Abiola was considered to be a genial businessman who amassed a fortune through his association with various enterprises, including publishing, communications, and oil. With his educational background in accounting, he easily assumed the position of deputy chief accountant at Lagos University Teaching Hospital from 1965 to 1967, and comptroller of Pfizer Products, Ltd. between 1967 and 1969. In 1969, he became the comptroller of International Telephone and Telegraph (ITT), Nigeria, Ltd., and rapidly rose to become vice president for ITT's Africa and Middle East branch. He was also chairman and chief executive officer of ITT Nigeria, Ltd. from 1972 through 1988. During this period Abiola founded and sat as chairman of Concord Press of Nigeria Ltd. and served as chief executive at Radio Communications Nigeria. While employed with ITT, he was frequently admonished by the general public due to the dreadful condition of the Nigerian telephone system. Abiola's detractors claim he profited financially at the expense of the citizens by using inferior materials and keeping extra profits for himself; charges he adamantly denied.

Much of Abiola's fortune, which was estimated at close to $2 billion, he freely distributed to others. He is said to have sent over 2,500 students through the university system as well as donating money to charities and championing sporting events. His generosity earned Abiola the nickname "Father Christmas" among the citizens of Nigeria. In addition to his generosity, Abiola was considered an astute businessman. For over 20 years he carefully cultivated friends throughout the country. He considered himself well liked by the Nigerian military establishment, a miscalculation that would cost him dearly.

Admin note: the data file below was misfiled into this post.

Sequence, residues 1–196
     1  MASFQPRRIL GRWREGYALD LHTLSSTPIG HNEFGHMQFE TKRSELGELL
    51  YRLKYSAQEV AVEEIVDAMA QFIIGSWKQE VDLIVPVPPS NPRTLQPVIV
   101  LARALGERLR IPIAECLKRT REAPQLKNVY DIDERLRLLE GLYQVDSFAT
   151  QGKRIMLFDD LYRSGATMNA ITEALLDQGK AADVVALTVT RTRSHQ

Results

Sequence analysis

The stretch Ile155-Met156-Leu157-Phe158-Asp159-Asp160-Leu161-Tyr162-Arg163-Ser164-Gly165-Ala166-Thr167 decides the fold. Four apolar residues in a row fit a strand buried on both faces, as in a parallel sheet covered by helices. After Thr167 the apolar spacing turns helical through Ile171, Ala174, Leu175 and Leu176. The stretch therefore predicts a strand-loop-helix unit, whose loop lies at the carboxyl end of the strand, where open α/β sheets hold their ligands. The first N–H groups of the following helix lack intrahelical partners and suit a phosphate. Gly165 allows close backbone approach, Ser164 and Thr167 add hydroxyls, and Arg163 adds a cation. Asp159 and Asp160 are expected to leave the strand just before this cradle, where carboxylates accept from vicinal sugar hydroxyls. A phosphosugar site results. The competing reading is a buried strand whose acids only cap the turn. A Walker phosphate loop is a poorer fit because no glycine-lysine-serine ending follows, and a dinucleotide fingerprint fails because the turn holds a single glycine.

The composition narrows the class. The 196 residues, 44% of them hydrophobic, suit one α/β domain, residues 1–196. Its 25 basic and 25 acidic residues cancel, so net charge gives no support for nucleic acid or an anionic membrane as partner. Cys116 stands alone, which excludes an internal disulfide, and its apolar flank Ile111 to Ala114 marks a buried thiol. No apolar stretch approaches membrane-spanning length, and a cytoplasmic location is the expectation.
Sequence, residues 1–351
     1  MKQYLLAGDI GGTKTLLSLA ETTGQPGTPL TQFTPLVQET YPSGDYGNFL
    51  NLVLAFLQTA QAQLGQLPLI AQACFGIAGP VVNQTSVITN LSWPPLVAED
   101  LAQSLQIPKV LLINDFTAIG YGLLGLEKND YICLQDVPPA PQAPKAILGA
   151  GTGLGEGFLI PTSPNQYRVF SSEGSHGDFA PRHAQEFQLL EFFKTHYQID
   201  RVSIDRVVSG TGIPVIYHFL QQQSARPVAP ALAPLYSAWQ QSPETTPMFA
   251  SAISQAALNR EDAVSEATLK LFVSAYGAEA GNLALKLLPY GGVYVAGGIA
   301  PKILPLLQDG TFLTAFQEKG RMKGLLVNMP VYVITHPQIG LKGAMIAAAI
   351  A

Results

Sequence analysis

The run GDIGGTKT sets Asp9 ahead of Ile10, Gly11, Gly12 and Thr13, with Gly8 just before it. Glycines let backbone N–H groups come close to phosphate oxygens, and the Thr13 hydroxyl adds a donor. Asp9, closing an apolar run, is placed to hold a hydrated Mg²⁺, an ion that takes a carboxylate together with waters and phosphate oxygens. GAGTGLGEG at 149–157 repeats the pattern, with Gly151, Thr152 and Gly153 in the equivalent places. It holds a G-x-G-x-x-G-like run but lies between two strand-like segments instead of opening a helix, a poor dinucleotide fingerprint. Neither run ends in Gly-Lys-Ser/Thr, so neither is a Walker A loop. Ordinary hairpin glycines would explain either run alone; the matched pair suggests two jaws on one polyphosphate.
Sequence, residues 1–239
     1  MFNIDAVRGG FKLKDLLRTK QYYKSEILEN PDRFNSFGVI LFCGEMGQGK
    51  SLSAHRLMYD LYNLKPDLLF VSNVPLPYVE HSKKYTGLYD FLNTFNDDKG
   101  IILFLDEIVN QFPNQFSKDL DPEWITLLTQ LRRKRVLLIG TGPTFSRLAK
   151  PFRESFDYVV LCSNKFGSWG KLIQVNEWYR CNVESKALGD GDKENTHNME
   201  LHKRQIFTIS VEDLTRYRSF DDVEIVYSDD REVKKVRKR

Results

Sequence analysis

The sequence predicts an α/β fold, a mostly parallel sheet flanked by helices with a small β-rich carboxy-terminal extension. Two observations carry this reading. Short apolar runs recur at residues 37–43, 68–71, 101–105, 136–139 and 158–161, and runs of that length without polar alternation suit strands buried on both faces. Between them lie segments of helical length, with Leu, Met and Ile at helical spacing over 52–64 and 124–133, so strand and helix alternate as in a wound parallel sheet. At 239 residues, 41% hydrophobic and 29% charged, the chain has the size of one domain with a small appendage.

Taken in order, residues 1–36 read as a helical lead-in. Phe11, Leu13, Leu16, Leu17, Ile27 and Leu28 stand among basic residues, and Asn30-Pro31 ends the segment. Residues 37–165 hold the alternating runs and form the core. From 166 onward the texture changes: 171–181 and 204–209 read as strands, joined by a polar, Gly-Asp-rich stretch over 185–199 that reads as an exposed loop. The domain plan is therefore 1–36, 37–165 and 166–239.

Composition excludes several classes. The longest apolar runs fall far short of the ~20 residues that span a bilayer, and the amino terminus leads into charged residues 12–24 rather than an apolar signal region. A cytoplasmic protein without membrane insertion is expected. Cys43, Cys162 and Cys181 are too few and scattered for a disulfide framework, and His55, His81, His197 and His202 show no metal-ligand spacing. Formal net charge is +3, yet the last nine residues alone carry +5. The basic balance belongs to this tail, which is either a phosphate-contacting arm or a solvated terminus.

Political Struggles

Nigeria, the most populous country on the African continent, obtained its freedom from Britain in 1960. During the four decades that followed, it endured several major political crises, including the collapse of civilian rule in the 1960s and the collapse of the civilian-headed "Second Republic" in the 1980s. Both of these crises were accelerated by civil violence in Yoruba, the southwestern district of the country. Historically, north-south conflicts have peppered Nigeria, as political power has been held by the north, the headquarters for the country's military. Abiola, who hailed from the southern district of Yoruba, brought a different perspective to the country's political makeup. His cultivation of people on both sides of the north-south divide ultimately proved to be beneficial.